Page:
Coping With Coco

231612077_397951af4d I walked into Macy’s and nervously made my way over to the Chanel counter. It was my first day working as a freelance artist for the company, so I was a bit frazzled by the abundance of activity around me, along with the multitude of sales people trying to make me sample their perfume’s on the way in. I was immediately asked to check my purse, and brought to a strange back room location where I hung my purse in an unlocked closet and just hoped for the best. My purse contains nothing special for it’s grand size… the hypothetical thief who might acquire my purse would have to really enjoy things like stray nickels, lint, expired pepto bismol tablets, dysfunctional pens and old receipts to feel that they had made a score on my bag. When walking back to the counter I felt it only appropriate to inform the counter manager that this was indeed my first day on the job –perchance that would explain my deer in the headlights look.

The previous weekend I had just received my “training”, which was a three hour glorified tutorial on their skin care line, and how to sell it in all of it’s expensive luster. I am not especially familiar with Chanel products. I myself only own two things by Chanel out of my extensive makeup kit. One is a compact that is borderline ancient, and probably should be thrown out. The other is a lip gloss that I bought impulsively while I was going through a breakup (I was weak.) I,like most people, cannot afford to splurge on Chanel cosmetics… Oh well. During the course of the day customers would ask me which of the products I was using on my face: concealers, eye shadows, blush… and I would lie and come up with a comparable Chanel product that could pass off as what I was wearing.

Once I got started, I realized that it was not very hard. My first appointment was really easy… however I was slightly nervous and had a slight hand twitch while putting on her eyeliner. Oops. Thank goodness for the smokey look-eh? Anywho, after my first client the counter manager noticed my work and started to bring me more and more clients…her prefered clients. I sold a bunch of stuff, and all was well.

SIDE NOTE: To all of you ladies who come in to get your makeovers and think that you want to try something “new” and “fun” with your colors… you really don’t. Most of you will come in, ask for an outrageous purple or green shadow, which I will manage to put on your lids and even make you look hot… you will then look in the mirror in slight disapointment and disaproval. I will then coax you into telling me how you actually feel about this new “fun” version of you.. to which you will reply “It’s just not me”. I will assure you it is okay that you don’t like it, and change the colors back to your usual shades of browns and golds. I will perform at least 4-5 eyeshadow re-dos in a six hour period. You fear change… and it’s kinda annoying.

During the course of the day, I do not get to interact much with my coworkers, specifically the other artists working the gig. I briefly met one of the other girls names Yvonne, and had glanced at the other artist who seemed to be in her own isolated world. The isolated artist had brought in a whole holster of her own brushes… it was full of MAC, NARS, etc… which struck me as strange since we were working for Chanel. After my lunch break, business has slowed down a bit and due to some local wildfires we are beginning to experience no-shows for the event. This provides ample time to get in some good conversation with the other artists. Yvonne was doing a makeover and an older woman, and I was left to talk with the holster clad other artist. Her name was Amanda. Our conversation went as follows:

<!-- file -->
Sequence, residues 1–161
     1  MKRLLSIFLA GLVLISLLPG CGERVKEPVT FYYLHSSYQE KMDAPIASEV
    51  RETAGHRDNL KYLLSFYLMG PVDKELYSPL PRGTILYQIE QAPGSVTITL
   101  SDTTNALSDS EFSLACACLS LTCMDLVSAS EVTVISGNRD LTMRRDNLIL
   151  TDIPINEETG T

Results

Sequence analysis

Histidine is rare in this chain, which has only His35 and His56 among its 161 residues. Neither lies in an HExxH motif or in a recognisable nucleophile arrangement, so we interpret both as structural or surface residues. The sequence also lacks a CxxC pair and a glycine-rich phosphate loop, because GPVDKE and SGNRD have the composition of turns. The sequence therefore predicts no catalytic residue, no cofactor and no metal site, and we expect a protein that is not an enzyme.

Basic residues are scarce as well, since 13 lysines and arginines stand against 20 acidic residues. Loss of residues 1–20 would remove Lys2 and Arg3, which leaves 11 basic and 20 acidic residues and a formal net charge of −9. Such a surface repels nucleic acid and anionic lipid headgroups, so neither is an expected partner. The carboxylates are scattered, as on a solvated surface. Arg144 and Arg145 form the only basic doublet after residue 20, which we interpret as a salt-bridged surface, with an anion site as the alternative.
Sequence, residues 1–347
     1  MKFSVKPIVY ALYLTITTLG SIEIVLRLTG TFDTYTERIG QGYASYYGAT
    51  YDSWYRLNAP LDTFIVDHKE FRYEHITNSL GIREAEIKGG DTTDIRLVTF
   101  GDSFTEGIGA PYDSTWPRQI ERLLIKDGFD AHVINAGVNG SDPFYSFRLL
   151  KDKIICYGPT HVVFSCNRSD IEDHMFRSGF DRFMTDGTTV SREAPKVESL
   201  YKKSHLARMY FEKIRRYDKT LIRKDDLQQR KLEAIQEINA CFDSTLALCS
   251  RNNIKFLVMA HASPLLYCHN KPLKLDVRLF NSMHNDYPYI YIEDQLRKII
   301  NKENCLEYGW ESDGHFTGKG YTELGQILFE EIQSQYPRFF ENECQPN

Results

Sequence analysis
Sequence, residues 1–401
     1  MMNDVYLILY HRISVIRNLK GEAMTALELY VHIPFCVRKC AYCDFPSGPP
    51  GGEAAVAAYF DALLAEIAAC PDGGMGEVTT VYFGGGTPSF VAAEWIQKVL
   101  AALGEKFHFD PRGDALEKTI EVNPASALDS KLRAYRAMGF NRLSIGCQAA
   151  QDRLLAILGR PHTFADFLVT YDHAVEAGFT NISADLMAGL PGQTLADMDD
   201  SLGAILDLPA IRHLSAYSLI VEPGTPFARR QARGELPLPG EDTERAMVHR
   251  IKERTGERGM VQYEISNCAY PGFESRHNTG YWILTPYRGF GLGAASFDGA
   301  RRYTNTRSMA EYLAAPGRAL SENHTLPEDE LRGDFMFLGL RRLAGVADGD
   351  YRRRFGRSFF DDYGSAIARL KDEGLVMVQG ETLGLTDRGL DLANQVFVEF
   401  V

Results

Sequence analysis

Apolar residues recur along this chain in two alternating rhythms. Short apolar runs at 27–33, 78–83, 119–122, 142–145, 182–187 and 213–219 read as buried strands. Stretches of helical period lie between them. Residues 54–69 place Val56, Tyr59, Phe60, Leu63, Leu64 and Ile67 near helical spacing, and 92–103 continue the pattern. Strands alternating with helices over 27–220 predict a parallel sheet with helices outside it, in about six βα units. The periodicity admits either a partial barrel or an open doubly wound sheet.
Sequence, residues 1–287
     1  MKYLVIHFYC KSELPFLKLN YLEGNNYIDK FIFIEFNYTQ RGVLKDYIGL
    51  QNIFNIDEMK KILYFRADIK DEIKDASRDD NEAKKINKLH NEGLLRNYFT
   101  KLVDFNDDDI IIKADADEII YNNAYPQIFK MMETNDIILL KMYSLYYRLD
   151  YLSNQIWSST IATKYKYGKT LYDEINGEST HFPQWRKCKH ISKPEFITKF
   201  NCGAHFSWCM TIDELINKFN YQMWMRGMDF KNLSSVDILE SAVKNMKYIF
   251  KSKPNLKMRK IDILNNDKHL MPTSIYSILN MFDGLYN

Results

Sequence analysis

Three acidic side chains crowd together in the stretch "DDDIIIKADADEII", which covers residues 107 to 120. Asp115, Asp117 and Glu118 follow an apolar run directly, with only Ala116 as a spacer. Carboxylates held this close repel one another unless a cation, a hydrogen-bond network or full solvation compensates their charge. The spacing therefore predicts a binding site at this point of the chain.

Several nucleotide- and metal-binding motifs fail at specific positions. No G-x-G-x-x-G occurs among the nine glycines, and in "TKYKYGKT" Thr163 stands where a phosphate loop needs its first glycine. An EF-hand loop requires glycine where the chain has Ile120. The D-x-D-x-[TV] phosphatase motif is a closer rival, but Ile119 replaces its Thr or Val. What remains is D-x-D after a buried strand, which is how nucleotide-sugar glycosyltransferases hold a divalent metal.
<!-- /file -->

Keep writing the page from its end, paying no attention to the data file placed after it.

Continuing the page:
Amanda: What did you eat for lunch?

Me: A slice of Pizza.

Amanda: Oh. I had a salad. And a glass of wine. Two glasses.

Hmm… awkward first interaction. She is confessing to me that she has been drinking on the job. Interesting.

Me: Oh. I see.

Amanda: I just haven’t really been phased by anything lately. Last month I got plastered at an event where they served champagne.

Me: Oh no.

Amanda: I dunno. (she shrugs)


Amanda: My husband died two weeks ago, so I dunno. I just am so angry, but I don’t feel anything. Nothing phases me.

Me: OMG. Are you okay? (I give her a hug… not knowing what else to do in this unexpected death confession)

She began spilling the details of her life to me… how her husband had passed from a bad case of pneumonia…How she was coping or not coping with the use of marijuana. She explained to me some weird medical condition she had where she cannot digest food… and then she went on to discuss with me her addiction to Xanex. This is all within the first 15 minutes of saying, Hello.

I felt so bad for this woman, but at the same time I was baffled at the situation. Why do people always feel so comfortable spilling their lives to me? I did not know her. At all. It makes you feel helpless when there is a person talking to you about this sort of situation, and you don’t even know them well enough to let them know they could call you to talk about it… etc. I felt miserable for her.

I watched as she sloppily sold some bronzer to an old rich woman, and interlaced her sales pitch with casual hints about her husbands recent death. This was not good. Not good at all.
The end of the day.  We both walk back to pick up our purses from the less than secure purse check location.  I watch her walk away, wishing I knew what to say, or how to help her, but instead I just choke on my lack of words.  I just hope that she will be okay.


~ by soartsyithurts on December 6, 2008.

One Response to “Coping With Coco”

  1. My god.

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